How Changes in Benefits Entitlement Affect Job-Finding: Lessons from the Slovenian Experiment

48 Pages Posted: 7 Jul 2004

See all articles by Jan C. van Ours

Jan C. van Ours

Tilburg University - Department of Economics; University of Melbourne - Department of Economics

Milan Vodopivec

World Bank - Human Development Network; IZA Institute of Labor Economics

Date Written: June 2004

Abstract

In 1998 the Slovenian UI system was drastically reformed. The reform reduced the potential duration of unemployment benefits substantially and simultaneously improved employment services offered to, and monitoring of, the recipients. We find that the reduction in potential benefit duration had a positive effect on the exit rate out of unemployment - both to employment and to other destinations - at various durations of unemployment spells and for many categories of unemployed workers. We also identify a clear spike in the exit rate out of unemployment in the month unemployment benefits expire (and a smaller spike in the month thereafter), and for males an increase of job-finding rate in the third month of unemployment, a likely consequence of a reduction of the level of benefit that occurs at that point. Interestingly, post-unemployment wages of recipients were not affected after the change of the law, suggesting that higher job-finding rates following the reduction of benefits were not produced by reduced reservation wages (higher acceptance probability) but rather more effective job-search activity.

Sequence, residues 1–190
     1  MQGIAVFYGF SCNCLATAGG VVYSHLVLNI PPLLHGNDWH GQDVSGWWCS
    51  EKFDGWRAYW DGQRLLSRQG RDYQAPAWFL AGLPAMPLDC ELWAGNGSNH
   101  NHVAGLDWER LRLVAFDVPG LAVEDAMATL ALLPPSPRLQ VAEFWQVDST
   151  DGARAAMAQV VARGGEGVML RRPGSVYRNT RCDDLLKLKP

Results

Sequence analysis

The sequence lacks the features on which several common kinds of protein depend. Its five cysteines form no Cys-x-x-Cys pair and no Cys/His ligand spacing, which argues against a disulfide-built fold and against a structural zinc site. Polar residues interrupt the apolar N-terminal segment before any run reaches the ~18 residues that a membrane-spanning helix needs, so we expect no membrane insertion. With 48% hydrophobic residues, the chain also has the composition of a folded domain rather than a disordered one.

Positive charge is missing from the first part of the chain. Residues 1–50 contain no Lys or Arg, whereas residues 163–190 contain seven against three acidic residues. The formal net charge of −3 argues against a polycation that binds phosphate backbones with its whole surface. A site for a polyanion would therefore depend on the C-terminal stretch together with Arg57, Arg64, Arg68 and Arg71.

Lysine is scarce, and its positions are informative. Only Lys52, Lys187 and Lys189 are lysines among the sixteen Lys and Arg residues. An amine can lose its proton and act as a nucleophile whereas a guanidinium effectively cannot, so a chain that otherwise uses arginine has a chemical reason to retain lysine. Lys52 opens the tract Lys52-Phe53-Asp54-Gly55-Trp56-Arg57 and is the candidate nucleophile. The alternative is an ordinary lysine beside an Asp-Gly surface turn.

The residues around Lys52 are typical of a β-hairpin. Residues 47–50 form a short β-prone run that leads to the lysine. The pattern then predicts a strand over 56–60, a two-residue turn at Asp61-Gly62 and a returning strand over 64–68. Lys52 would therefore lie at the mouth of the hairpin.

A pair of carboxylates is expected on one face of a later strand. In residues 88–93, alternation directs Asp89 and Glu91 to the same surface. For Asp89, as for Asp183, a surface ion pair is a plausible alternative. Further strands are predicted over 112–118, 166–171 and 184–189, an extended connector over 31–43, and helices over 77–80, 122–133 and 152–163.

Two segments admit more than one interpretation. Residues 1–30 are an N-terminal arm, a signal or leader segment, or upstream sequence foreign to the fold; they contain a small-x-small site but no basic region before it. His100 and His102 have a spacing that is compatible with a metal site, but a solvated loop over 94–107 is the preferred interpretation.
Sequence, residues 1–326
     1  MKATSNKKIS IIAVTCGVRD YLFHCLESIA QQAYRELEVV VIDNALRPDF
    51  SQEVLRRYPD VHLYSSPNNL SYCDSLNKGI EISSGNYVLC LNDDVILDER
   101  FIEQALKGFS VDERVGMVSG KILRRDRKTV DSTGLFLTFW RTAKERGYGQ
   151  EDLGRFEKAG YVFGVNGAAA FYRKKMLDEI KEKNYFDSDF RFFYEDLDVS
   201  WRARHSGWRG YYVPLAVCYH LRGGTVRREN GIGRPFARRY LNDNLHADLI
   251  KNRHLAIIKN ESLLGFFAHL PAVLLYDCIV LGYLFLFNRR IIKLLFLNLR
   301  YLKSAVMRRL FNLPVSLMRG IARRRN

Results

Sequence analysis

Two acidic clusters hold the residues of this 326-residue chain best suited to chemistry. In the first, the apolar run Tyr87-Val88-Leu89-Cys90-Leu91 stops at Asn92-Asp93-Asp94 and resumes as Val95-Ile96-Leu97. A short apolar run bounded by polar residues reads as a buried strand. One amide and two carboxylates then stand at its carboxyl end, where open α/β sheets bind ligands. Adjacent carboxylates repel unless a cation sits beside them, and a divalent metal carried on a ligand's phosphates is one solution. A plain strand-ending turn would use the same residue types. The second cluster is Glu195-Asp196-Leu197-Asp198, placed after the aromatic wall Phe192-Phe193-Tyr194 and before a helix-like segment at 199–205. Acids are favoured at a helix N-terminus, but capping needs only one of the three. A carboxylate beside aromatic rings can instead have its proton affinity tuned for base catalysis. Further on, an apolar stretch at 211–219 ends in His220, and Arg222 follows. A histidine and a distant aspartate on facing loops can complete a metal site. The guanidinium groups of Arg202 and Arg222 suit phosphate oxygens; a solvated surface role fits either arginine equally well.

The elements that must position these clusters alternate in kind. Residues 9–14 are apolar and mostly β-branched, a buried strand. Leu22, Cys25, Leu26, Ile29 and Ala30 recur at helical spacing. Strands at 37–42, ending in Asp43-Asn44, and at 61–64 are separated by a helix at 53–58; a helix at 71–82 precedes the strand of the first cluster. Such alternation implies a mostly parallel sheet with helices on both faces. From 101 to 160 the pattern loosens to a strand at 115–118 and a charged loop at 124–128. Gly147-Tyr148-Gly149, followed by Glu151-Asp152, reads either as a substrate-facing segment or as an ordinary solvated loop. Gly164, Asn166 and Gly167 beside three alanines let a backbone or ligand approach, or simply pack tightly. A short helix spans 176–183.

Keywords: unemployment insurance, potential benefit duration, job finding rates, postunemployment wages

JEL Classification: C41, H55, J64, J65

Suggested Citation

van Ours, Jan C. and Vodopivec, Milan, How Changes in Benefits Entitlement Affect Job-Finding: Lessons from the Slovenian Experiment (June 2004). IZA Discussion Paper No. 1181. Available at SSRN: https://ssrn.com/abstract=562447

Jan C. Van Ours (Contact Author)

Tilburg University - Department of Economics ( email )

P.O. Box 90153
Tilburg, 5000 LE
Netherlands
+31 13 466 2880 (Phone)
+31 13 466 3042 (Fax)

University of Melbourne - Department of Economics ( email )

Melbourne, 3010
Australia

Milan Vodopivec

World Bank - Human Development Network ( email )

1818 H Street, NW
Washington, DC 20433
United States

IZA Institute of Labor Economics

P.O. Box 7240
Bonn, D-53072
Germany

Register to save articles to
your library

Register

Paper statistics

Downloads
93
Abstract Views
994
rank
274,679
PlumX Metrics